On sabbatical leave from Australia's National University (ANU) in 1964, Hope studied with the renowned Shakespearean scholar Lionel Knights in Bristol. Then, and on later visits to London, she attended performances by the Royal Shakespeare Company, the Old Vic and other British theatre troupes and, years later, could recall the productions in astonishing, colourful detail. She was an enthusiastic supporter of Canberra Repertory Theatre attending performances and reviewing their productions for the Canberra Times. She was the first woman appointed to the board of the new Canberra Theatre serving from 1968 to 1976.
At a time when it was unusual for married women to work, she combined a demanding, full-time career with raising four children, supporting her husband's career and helping to care for her mother, Pattie Tillyard. For many years she contributed theatre reviews, book reviews and poetry to the Canberra Times. In her large and beautiful garden, she raised chickens and grew vegetables and fruit that she cooked, preserved and gave away to friends and good causes. She sewed, knitted and did patchwork and weaving often sitting on winter evenings in front of an open fire knitting a sweater while she marked students' essays or prepared her next lecture. Hope also served on the council of Garran College at the ANU and contributed to the Canberra community as a hospital volunteer, English teacher to new arrivals, and supporter of several charities.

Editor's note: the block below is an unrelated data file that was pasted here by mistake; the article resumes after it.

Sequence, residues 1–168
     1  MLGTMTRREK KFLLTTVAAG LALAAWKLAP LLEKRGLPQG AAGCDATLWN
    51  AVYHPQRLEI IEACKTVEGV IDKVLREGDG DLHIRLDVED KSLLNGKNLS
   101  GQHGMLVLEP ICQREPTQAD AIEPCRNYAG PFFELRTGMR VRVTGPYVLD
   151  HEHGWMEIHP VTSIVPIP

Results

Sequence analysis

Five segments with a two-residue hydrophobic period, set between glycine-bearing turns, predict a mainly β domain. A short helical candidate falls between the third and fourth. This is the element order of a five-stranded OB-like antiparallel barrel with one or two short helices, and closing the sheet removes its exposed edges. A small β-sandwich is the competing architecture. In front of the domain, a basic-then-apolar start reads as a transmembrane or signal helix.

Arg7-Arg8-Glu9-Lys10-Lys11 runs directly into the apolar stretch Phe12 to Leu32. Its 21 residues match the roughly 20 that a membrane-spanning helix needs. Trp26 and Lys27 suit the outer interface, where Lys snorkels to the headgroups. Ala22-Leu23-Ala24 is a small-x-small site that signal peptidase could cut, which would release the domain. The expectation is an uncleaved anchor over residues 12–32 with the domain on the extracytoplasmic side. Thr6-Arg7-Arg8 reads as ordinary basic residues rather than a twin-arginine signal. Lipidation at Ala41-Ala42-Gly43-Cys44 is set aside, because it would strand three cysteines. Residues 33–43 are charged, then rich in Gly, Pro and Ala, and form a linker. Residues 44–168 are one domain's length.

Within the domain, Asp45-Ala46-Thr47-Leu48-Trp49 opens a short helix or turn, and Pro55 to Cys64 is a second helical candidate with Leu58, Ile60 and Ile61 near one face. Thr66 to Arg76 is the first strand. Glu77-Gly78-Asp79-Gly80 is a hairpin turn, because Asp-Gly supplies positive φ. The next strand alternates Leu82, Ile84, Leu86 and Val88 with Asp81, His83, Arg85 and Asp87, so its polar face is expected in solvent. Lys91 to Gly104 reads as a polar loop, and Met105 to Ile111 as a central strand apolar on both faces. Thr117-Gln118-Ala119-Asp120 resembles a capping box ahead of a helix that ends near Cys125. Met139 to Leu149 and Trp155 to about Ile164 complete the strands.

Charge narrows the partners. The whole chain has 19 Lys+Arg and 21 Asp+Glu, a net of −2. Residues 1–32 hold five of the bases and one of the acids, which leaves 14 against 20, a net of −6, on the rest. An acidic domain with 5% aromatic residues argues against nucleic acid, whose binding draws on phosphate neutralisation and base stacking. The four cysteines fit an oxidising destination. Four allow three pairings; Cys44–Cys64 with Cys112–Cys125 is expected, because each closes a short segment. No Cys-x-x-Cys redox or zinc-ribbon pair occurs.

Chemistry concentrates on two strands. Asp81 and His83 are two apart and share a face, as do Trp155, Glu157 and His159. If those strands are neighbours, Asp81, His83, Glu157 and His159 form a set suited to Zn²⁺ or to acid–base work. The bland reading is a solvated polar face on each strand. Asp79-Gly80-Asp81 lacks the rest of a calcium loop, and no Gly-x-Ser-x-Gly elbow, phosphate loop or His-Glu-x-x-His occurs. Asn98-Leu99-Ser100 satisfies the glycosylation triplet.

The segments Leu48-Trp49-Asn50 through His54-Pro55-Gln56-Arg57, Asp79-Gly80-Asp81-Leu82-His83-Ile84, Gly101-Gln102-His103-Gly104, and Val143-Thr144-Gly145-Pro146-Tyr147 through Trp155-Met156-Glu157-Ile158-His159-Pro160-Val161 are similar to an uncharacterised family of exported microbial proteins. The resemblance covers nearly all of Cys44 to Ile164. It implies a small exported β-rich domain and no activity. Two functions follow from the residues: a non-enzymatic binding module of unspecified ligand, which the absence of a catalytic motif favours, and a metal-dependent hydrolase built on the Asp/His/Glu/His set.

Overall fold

Like her mother, she was a feminist, believing that women needed to earn their own living and take a lead in their community. She had extraordinary energy and willpower. She enthusiastically supported her children's multiple activities and was delighted with their varied careers: Patricia as a social activist and cabinet minister in the Blair Labour government in Britain (Secretary of State for Trade and Industry 2001-5 and Health Secretary 2005-7); Antonia (died 1990) as an interpreter with the European Commission in Brussels; Hilary, an architect, one of whose designs was her aunt Pat Wardle's house in Garran; and Andrew, a captain with Qantas and a farmer near Hall.
Hope Hewitt died at Brindabella Gardens nursing home in Canberra, aged 95.
Sources used to compile this entry: From Lady Denman to Katy Gallagher: A Century of Women's Contributions to Canberra, Australian Women's Archives Project, February 2013, http://www.womenaustralia.info/exhib/ldkg; Canberra Times, 22 October 1958; 19 March 2011; 24 March 2011 (Obituary unattributed but probably written by Patricia and Hilary Hewitt).
Canberra & District Historical Society
- The Papers of Patience Australie Wardle, 1910 - 1992, 21931; Canberra & District Historical Society. Details
National Library of Australia
The Australian Women's Register Exhibitions
- From Lady Denman to Katy Gallagher: A Century of Women's Contributions to Canberra, Australian Women's Archives Project, February 2013, http://www.womenaustralia.info/exhib/ldkg. Details
- Who's Who in Canberra, CESL Publishing Services, Torrens, ACT, 1989. Details
- Hewitt, Patricia and Hewitt, Hilary, 'Obituary', Age, 1 April 2011. Details
Created: 21 June 2012, Last modified: 20 September 2012